Fed hikes interest rates .75% again, says U.S. not in recession

The Federal Reserve on Wednesday ordered another 0.75% interest rate hike amid increasing pressure to control high-running inflation that’s making essential items more expensive for Americans.

“I do not think the U.S. is currently in a recession,” Fed Chair Jerome Powell told reporters Wednesday. “The reason is there are too many areas of the economy that are performing too well.”

Powell said after the rate hike decision was announced Wednesday that the Fed is “strongly committed to bringing inflation back down and is moving expeditiously to do so.”

It’s essential to bring inflation back down to 2%, he said, adding that spending and production in the U.S. economy have softened and consumer spending has “softened significantly.”

Housing activity has weakened and business fixed investment declined in the second quarter, Powell said.

But the labor market remains very tight and strong, he said. Employment is rising by an average of 375,000 jobs per month. Underlying aggregate economic demand remains solid.

“We think it’s necessary to have growth slow down. We need a period of growth below potential in order to create some slack so the supply side catches up,” Powell said.

The Fed’s focus remains on getting inflation back down with price stability the bedrock of the U.S. economy.

This Federal Reserve increase is the second in two months. The Fed ordered the same increase at its meeting in June, which was the largest hike since 1994. The central bank went for a half-point increase in May.

The recent increases make it more expensive for Americans to borrow money, but it’s a move that traditionally helps to limit rising inflation. When combined with certain market conditions, more spending typically leads to higher inflation. The Fed considers the economy to be running at peak health when inflation is rising at a rate of 2%.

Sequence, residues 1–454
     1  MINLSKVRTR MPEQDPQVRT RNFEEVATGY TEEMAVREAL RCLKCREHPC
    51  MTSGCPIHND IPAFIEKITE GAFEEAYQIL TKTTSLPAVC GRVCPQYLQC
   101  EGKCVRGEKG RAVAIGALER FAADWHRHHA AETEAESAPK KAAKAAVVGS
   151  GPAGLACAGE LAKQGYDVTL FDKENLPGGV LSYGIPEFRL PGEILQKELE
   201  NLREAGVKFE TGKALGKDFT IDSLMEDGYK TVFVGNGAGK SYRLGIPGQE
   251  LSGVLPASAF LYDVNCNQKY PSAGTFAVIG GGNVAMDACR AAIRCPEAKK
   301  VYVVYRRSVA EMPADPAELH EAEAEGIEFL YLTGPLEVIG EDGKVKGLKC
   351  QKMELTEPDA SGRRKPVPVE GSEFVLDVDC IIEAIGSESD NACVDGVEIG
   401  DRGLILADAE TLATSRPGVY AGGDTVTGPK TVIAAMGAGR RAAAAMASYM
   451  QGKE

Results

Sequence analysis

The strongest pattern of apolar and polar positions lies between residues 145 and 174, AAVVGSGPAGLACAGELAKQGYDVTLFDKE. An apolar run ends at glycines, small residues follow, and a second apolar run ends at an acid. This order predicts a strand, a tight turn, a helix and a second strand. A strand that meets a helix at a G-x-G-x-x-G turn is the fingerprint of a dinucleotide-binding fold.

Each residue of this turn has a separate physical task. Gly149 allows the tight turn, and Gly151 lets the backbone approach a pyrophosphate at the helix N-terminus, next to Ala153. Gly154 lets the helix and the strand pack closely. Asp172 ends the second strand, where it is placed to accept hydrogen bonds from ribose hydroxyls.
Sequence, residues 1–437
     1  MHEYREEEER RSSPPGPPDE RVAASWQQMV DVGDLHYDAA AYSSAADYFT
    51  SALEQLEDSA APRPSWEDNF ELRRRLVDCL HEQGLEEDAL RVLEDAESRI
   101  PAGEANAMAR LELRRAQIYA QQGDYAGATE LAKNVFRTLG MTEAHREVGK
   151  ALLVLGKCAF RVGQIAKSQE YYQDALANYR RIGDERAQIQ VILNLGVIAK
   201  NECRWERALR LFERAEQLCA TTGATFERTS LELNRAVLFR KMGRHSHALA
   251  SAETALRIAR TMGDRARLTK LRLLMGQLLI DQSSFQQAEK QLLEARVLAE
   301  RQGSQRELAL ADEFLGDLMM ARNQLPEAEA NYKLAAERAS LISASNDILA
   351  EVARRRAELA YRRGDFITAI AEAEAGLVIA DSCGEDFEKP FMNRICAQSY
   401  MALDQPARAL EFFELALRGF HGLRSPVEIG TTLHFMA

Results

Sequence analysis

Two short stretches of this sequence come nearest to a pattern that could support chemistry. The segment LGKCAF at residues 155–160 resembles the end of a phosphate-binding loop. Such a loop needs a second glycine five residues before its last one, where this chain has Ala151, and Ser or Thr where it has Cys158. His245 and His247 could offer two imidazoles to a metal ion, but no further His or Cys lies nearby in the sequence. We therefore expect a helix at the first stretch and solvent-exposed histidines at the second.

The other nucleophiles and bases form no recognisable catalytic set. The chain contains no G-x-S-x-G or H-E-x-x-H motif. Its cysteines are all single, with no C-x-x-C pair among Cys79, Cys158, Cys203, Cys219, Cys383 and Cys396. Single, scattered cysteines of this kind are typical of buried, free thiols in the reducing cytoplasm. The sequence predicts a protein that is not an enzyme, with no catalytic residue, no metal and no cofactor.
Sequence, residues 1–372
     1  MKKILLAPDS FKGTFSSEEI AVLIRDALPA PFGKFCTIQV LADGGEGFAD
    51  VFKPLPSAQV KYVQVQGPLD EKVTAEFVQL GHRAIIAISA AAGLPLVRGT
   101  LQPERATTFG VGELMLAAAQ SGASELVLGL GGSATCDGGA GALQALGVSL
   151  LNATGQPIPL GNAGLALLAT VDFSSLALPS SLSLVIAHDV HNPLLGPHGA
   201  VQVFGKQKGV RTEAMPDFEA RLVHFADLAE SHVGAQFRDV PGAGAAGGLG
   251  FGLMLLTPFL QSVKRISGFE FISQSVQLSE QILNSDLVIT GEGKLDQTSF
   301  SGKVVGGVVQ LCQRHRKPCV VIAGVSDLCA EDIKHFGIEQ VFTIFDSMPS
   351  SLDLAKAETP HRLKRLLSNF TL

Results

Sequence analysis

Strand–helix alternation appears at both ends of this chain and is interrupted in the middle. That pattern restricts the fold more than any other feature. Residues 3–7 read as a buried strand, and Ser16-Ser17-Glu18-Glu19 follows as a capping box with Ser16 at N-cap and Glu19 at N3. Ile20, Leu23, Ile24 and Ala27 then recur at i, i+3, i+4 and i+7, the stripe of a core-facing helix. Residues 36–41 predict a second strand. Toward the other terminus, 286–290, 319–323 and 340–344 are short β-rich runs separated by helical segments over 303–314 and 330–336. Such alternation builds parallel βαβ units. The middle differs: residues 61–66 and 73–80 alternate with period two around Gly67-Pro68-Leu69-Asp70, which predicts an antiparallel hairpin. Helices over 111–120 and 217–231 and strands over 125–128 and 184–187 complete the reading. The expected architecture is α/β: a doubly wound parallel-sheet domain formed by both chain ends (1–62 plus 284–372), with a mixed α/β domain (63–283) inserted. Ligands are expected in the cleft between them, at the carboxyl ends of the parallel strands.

So far this year, the annual rates of inflation have been measured between 7% and 8% — the highest levels in about 40 years. Last month, the Commerce Department said inflation was up 8.6% over the previous 12 months.

Inflation has been driven mostly by rising energy prices, especially gasoline. On Wednesday, the national average was $4.30 per gallon, a decline of 2 cents from Tuesday and almost 60 cents over the past month. File Photo by Jim Ruymen/UPI

“The Fed has told us they’re unlikely to let up on the brakes until they see a convincing shift in the trajectory of monthly inflation readings that would signal progress toward the Fed’s 2% target,” PGIM Fixed Income Lead Economist Ellen Gaske wrote in a memo, according to Yahoo Finance.

The .75% increase on Wednesday raised the Fed’s benchmark interest rate to between 2.25% to 2.5%.

Some economists warn that the Fed should avoid hiking interest rates too much and too abruptly, risking inadvertently creating a downturn.

“The question for the Fed is: Are we really heading into a recession?” Andrew Levin, a former Fed economist and a professor at Dartmouth College, said according to ABC News. “If so, is that going to slow the Fed’s efforts to fight inflation?”

Inflation has been driven mostly by rising energy prices, especially the cost of gasoline. Gas prices have been at record levels this year, but have been coming down over the past few weeks. AAA said on Wednesday that the national average was $4.30 per gallon — a decline of 2 cents from Tuesday.

The Commerce Department will issue its second-quarter economic report on Thursday. Gross domestic product for the first quarter declined by 1.4%.

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